Author: James Manicom, Centre for International Governance Innovation
On 23 November China announced the creation of an air defence identification zone (ADIZ) over the East China Sea. All aircraft flying through the zone are required to lodge their flight plan with Chinese authorities and be available for contact by Chinese authorities. Violators will elicit ‘defensive manoeuvres’ from Chinese aircraft, presumably interception.
The move comes at a particularly volatile period in China’s foreign relations because most of its maritime neighbours are unnerved by recent Chinese behaviour in East Asian waters. Despite the swift and firm condemnation from the United States, Japan, South Korea and Australia, it bears considering that the Chinese declaration itself is unproblematic; it merely adds China to the minority list of countries — around 20 — that enforce ADIZs beyond their national airspace. However, the zone may increase the risk of an incident over contested waters in East Asia.
Chinese spokespeople were quick to offer assurances that ‘normal international flights’ were not affected, despite the language in the declaration that ‘all flights must follow these rules’. China has not clarified what constitutes a normal international flight.
ADIZs are not precluded by the Chicago Convention, which established the rules for air travel, but they do not in any way reflect common international law practice. There are roughly 20 states that claim them currently, including Australia, Canada, Germany, Iceland, India, Norway, Pakistan, and the UK. Moreover, it is a cardinal principle of international maritime law that freedoms of navigation and over-flight are identical and cannot be limited by coastal states. Reflecting this US national interest, America’s ADIZ rules are not applied to military aircraft; they are intercepted in any event. Likewise, when they operate abroad, US military aircraft ignore ADIZs declared by other countries..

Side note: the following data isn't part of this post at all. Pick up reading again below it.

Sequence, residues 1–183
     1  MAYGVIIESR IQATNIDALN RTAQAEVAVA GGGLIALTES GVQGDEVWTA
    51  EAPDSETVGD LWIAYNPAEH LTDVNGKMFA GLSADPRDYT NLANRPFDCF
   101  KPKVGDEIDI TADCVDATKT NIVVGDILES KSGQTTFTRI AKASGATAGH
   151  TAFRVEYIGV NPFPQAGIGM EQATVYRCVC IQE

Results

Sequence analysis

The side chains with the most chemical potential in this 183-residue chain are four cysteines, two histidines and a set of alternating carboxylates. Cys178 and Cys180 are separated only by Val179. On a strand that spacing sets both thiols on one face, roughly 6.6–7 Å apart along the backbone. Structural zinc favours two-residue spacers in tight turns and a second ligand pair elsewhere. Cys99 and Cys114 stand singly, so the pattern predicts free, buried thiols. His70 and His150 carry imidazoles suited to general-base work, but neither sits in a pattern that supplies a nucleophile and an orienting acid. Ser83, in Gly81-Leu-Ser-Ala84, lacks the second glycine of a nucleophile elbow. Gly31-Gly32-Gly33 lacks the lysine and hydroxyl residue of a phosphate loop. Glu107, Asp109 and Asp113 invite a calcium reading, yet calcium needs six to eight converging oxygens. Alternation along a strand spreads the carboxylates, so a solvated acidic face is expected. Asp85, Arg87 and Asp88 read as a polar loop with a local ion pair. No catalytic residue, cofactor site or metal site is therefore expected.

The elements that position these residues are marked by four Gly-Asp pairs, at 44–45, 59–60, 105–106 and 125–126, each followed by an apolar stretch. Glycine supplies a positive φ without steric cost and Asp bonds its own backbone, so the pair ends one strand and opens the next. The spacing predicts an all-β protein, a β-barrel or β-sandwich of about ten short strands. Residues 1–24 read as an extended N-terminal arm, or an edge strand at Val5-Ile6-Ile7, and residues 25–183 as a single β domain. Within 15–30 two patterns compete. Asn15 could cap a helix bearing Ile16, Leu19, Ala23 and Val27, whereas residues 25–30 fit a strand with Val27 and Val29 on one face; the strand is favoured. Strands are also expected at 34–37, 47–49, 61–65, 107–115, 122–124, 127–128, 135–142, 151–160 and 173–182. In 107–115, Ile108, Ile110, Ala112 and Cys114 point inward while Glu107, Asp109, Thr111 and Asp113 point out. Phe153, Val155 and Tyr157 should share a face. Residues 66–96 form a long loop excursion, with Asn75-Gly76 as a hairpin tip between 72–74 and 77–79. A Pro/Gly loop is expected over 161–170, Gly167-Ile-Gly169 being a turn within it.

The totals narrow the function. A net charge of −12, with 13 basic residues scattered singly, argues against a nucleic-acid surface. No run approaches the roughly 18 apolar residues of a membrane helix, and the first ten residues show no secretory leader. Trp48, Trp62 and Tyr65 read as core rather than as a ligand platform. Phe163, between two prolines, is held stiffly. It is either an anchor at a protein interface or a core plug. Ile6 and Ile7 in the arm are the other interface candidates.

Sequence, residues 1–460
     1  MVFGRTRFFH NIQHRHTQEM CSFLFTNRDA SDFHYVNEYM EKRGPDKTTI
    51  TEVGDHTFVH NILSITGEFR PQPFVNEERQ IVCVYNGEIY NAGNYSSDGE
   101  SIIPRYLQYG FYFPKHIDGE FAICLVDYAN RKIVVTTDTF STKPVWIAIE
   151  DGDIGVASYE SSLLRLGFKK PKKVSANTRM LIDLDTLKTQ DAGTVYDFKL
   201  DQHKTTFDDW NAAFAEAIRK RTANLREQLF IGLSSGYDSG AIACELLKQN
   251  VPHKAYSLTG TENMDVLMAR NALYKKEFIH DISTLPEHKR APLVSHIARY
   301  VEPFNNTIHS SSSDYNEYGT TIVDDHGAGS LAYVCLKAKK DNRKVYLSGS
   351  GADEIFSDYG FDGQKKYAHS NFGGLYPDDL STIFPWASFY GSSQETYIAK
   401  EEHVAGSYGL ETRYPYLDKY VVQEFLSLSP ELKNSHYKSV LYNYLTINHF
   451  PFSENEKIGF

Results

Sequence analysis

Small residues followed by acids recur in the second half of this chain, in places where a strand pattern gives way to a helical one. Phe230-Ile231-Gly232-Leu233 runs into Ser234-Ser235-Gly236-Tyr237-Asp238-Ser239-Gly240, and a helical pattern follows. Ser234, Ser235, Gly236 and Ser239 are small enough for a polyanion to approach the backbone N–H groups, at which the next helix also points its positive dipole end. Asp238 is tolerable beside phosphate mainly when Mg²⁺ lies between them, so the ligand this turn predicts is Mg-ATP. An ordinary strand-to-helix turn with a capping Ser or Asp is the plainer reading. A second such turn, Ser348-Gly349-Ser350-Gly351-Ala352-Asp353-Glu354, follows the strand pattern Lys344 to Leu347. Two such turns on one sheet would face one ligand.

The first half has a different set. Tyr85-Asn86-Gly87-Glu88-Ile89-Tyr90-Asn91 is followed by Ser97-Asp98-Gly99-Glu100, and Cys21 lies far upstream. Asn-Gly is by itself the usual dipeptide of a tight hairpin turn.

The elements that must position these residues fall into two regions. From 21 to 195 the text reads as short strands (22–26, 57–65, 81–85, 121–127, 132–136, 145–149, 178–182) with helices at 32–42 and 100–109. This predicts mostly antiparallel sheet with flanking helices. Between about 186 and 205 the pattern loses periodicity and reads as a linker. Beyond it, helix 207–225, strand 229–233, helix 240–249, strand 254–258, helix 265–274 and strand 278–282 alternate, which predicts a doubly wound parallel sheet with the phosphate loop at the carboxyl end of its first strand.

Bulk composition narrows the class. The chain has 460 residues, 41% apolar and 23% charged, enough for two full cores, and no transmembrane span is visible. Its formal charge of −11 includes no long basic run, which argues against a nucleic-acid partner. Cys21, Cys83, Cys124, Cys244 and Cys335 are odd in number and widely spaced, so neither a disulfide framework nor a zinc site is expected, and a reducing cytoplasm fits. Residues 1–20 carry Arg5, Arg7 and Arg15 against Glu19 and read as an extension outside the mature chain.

The Chinese ADIZ has jurisdictional and operational implications for the United States and Japan.
From an American perspective, the ADIZ is consistent with China’s views of its jurisdiction over the waters and airspace adjacent to its shores. China is one of a minority of states that require permission for military ships to exercise their innocent passage rights through its territorial sea and for military activities in its exclusive economic zone. It stands to reason that, with the zone’s declaration, Beijing now expects the same over international airspace adjacent to China. The Chinese language about what they perceive their rights in the zone to be reflects this perspective. PLA Air Force spokesperson Shen Jinke noted that the Chinese air force can effectively control the ADIZ, which is a curious way to describe an area of the global commons.
It is thus unsurprising that shortly after the announcement the United States led efforts to send military aircraft through China’s new ADIZ. Secretary of Defence Chuck Hagel noted that the new rules will not affect US military flights and the two B52 bombers that flew through the zone on Tuesday were an operational expression of this view, as they did not seek prior permission from Chinese authorities. US reconnaissance flights off the Chinese coast beyond its national airspace but through its ADIZ are likely to continue. However, if the purpose of the ADIZ was to create a pretext for Chinese interception of foreign aircraft Beijing deems suspicious, including US military aircraft, the law is unnecessary because such interceptions were already taking place.